March 1, 2019
The landmark Brown v. Board of Education decision is now 65 years old. Discrimination in public education, however, is not yet a thing of the past.
According to this NPR article, predominantly white school districts receive $23 billion more in funding than predominantly minority districts. And this is happening in states such as California, New York and New Jersey.
Other tidbits of note:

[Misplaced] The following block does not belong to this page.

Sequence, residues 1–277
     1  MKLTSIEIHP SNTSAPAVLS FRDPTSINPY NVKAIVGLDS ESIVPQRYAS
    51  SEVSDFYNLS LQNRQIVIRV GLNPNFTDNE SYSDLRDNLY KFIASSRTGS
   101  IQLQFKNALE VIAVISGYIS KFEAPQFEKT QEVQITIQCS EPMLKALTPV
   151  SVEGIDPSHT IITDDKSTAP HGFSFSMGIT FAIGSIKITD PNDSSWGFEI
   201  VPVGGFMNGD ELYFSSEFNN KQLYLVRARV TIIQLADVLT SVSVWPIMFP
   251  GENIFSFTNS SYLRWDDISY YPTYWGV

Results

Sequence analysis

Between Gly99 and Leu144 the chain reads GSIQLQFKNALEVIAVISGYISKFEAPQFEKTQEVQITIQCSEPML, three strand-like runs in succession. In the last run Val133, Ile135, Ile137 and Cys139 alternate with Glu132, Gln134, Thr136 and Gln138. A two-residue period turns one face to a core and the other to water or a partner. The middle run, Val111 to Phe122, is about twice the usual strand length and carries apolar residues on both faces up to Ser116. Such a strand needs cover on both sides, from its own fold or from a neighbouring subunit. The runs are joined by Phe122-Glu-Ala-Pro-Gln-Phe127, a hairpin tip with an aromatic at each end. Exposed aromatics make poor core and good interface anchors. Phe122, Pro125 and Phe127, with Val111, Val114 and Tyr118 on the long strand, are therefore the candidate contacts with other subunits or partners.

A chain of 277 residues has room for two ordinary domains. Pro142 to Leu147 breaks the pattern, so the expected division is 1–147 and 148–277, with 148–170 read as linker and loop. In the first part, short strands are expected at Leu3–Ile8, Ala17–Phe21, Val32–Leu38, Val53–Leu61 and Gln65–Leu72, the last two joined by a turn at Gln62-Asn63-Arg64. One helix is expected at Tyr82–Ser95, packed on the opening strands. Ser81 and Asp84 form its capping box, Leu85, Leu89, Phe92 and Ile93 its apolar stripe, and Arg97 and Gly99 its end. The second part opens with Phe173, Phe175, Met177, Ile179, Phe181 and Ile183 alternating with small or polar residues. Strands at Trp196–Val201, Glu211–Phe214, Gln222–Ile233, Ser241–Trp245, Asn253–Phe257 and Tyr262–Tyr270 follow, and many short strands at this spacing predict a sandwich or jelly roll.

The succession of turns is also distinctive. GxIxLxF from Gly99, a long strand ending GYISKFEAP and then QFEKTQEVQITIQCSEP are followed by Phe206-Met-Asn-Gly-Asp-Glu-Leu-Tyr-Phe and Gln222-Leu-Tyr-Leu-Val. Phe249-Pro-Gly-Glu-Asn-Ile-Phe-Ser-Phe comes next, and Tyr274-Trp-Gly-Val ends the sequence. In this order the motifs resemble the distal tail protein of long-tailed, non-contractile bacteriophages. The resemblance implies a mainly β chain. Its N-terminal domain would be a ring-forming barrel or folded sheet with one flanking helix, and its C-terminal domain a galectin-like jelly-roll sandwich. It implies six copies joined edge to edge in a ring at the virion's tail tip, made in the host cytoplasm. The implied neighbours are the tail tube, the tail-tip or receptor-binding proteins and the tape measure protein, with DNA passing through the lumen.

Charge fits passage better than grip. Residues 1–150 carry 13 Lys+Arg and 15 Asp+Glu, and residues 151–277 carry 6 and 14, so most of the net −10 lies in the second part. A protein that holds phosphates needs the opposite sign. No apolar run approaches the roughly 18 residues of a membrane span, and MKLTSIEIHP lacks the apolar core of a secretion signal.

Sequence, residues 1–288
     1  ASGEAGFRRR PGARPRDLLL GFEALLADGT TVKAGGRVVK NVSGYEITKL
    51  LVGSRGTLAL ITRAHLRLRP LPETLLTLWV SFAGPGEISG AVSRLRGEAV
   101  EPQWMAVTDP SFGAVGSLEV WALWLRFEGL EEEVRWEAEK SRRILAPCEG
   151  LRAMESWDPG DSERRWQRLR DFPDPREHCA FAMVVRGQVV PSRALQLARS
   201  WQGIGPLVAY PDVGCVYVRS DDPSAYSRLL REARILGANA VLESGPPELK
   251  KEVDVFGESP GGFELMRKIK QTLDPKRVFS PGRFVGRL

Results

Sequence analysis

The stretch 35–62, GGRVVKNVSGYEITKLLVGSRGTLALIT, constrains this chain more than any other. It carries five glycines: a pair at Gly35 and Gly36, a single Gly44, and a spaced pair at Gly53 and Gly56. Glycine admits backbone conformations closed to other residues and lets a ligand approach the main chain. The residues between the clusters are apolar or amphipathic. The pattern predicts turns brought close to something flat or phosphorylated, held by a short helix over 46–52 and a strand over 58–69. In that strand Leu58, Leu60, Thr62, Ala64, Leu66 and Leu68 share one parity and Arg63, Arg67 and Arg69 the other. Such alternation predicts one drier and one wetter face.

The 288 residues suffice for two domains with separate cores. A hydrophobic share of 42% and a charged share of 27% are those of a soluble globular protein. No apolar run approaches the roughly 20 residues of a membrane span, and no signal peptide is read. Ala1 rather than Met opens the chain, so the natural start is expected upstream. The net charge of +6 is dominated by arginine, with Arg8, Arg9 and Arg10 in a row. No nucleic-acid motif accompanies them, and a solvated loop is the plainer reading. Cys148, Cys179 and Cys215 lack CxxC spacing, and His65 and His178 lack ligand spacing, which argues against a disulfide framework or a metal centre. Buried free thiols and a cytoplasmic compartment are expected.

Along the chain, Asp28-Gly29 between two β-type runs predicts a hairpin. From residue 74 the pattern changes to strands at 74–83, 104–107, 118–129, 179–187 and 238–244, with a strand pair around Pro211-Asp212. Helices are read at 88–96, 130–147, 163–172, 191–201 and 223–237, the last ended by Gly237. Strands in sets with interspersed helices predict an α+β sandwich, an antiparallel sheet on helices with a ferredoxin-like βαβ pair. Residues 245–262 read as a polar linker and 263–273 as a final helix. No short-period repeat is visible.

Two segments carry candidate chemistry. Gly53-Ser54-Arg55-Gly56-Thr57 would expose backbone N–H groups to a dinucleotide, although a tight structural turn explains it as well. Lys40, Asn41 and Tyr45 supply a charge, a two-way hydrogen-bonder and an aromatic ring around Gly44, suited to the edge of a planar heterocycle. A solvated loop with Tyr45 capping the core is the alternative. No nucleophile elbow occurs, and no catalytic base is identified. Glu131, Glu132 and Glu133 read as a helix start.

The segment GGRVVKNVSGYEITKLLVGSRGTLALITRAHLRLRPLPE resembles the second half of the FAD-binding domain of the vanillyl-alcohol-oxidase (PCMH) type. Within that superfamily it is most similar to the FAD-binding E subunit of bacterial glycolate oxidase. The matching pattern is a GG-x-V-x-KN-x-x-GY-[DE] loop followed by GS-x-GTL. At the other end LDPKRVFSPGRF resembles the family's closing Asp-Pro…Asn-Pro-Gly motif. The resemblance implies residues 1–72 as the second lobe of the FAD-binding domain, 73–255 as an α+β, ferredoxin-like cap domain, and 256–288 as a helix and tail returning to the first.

– For every student enrolled, the average nonwhite school district receives $2,226 less than a white school district.
– High-poverty districts serving mostly students of color receive about $1,600 less per student than the national average, whereas school districts that are predominately white and poor receive about $130 less.
– More than half of students in the U.S. go to segregated or “racially concentrated” schools (schools in which more than three-quarters of students are white, or more than three-quarters are nonwhite).
I’m not sure what the solution is, but the problem is pretty clear.